Well, I did want to depict this sense of disorientation and dreamy dislocation. When I was shooting I was thinking about her point of view a lot, so I'm glad that you noticed that because that's what I was going for. And I just really enjoyed shooting this tape. I like shooting. I have hours of stuff that didn't work out so well, but there was some stuff that I was really pleased with.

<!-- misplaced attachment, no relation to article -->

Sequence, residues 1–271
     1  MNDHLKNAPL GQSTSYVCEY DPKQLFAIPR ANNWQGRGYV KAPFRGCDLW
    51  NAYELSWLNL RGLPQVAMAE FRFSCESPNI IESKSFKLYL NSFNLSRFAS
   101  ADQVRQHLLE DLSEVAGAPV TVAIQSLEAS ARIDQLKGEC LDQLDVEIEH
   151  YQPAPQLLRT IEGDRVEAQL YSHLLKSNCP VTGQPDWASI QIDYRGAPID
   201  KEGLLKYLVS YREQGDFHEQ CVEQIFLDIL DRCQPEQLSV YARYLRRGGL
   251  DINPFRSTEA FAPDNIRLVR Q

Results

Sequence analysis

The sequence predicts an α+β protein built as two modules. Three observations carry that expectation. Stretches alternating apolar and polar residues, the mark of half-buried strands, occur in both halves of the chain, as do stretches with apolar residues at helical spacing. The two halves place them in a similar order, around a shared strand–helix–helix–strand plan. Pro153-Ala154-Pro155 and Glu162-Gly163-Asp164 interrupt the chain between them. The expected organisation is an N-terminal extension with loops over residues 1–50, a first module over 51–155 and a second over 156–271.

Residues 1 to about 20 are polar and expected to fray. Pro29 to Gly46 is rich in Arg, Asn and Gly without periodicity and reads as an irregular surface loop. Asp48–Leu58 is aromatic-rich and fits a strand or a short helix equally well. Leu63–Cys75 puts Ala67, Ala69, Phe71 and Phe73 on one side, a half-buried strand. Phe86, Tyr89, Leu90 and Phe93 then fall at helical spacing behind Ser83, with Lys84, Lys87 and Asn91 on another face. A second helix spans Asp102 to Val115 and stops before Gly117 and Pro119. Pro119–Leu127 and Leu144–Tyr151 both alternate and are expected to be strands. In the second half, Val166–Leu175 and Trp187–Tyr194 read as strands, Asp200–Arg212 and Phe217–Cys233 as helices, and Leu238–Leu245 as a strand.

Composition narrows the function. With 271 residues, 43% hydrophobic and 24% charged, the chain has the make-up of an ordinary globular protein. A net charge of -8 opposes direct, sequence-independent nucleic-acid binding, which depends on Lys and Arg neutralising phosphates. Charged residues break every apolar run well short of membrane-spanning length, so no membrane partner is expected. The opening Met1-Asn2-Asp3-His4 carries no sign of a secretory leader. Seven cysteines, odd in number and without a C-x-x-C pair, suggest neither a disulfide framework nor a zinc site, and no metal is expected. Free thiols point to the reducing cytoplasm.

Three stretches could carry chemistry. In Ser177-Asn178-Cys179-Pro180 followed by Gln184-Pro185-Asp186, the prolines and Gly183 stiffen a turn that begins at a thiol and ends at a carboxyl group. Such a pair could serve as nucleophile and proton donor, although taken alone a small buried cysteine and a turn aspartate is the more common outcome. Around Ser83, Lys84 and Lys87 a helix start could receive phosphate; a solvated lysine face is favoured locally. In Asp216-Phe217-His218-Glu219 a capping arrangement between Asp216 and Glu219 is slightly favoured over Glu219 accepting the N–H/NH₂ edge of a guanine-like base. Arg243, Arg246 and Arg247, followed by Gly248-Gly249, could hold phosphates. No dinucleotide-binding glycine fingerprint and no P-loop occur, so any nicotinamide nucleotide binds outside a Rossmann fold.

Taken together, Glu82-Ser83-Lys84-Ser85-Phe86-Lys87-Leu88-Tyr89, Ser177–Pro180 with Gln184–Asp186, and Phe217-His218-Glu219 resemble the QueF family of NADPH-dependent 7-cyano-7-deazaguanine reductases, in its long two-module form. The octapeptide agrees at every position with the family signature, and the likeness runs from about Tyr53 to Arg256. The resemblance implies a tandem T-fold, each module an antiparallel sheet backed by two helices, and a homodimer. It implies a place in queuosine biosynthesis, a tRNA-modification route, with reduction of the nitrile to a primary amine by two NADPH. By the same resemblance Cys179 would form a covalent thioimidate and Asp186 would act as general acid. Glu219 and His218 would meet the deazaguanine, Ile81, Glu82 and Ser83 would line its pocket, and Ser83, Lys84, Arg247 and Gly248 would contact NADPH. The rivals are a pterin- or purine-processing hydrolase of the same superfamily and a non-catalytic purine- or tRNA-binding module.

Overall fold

Initially, I thought maybe I'd go through official channels; there was a fee that wasn't unreasonable, but I decided I wanted to do things another way. Because I chose to use a small camera, I could blend in very easily with the other people who had cameras. There were a lot of people shooting videotape there who were just passing through or shooting people arriving. So I blended in pretty well, which was nice, because when I was in the airport, I didn't really at any time ever get questioned by anybody. I think at one point a janitor noticed that I had been shooting a lot and recognized me and asked me when the tape was going to be done. He wasn't interested in bothering me. So people were just a little curious. It was nice to be able to do it that way, because I couldn't have done it if I had shot film or shot a higher format of video or something. It was just me and my camera and I'd go there with Sinje Ollen, who plays the tourist on the tape, and we would just hang out and improvise things. There was some scripted stuff. But a lot of the time we just saw a place we liked, and we would hang out, and she'd do something, and I'd shoot. So it was kind of casual in that way.